Jessica Chastain and Sally Hawkins deserve their best-actress buzz at the Toronto International Film Festival BY SAEED NASIR

Always a spirited devotee of old-school Hollywood genres, Guillermo del Toro achieves in his latest film, “The Shape of Water,” an inspired melding of creature feature, spy thriller and wondrously perverse love storyline, the latter suffered by Sally Hawkins’ achingly sensitive performance as Eliza, a mute cleaning woman who immediately bonds with the imprisoned merman (enjoyed, by natural means, by Del Toro’s prosthetic-happy muse, Doug Jones).

But, there’s great acting all over the place you look in “The Shape of Normal water,” from Octavia Spencer and Richard Jenkins as Eliza’s dedicated friends to Michael Stuhlbarg as a doctor who becomes an unexpected ally, as well as Michael Shannon, almost too ideally cast as a scarily menacing federal agent.

The film got home the top reward at the Venice Film Festivity on Saturday and can make its Toronto International Film Festival premiere on Mon evening.

Jessica Chastain is rightly drawing raves for her forceful, breathtakingly managed work in “Molly’s Game.” Aaron Sorkin’s directorial debut explains to the fiendishly complicated tale of what sort of very smart 26-year-old called Molly Bloom (Chastain) emerged to use a high-stakes playing ring that taken in Hollywood celebrities, Wall Road billionaires and Russian mobsters — a formula for very costly disaster but also for a sensationally engaging movie that maintains a tight grasp on the audience over practically 2 1/2 time.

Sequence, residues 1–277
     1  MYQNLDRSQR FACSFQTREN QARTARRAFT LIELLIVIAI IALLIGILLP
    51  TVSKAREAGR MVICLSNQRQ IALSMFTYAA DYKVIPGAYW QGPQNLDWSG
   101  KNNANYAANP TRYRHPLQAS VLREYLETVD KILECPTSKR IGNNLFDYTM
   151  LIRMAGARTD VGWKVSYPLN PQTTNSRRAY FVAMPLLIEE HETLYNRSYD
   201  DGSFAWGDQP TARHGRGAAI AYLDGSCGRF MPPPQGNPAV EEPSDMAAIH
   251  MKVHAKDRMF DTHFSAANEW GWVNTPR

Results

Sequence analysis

Not least among its achievements, “Molly’s Game” drives a toe nail in to the coffin of the theory that voice-over is an anti-cinematic device. Sorkin remains a master of breathless, hyper-articulate verbiage; you may lower yourself with some of the dialogue volleys that Molly and her attorney (an excellent Idris Elba) fling back and forth. But in contrast along with his fact-based scripts for “The SOCIAL NETWORKING” and “Steve Careers,” this time around he depends heavily on his protagonist to share with her own storyline, and she does so, with nearly wall-to-wall narration it doesn’t waste an individual word.

It’s a pointed decision from a article writer who have often been taken to activity for his representations of women, and who may have clearly decided to greet that fee head-on. The gamble paid. By the end of “Molly’s Game,” Chastain isn’t the only person looking such as a winner.

Editor’s take note of: Times film critic Justin Chang is keeping a regular diary at the 2017 Toronto International Film Festival.

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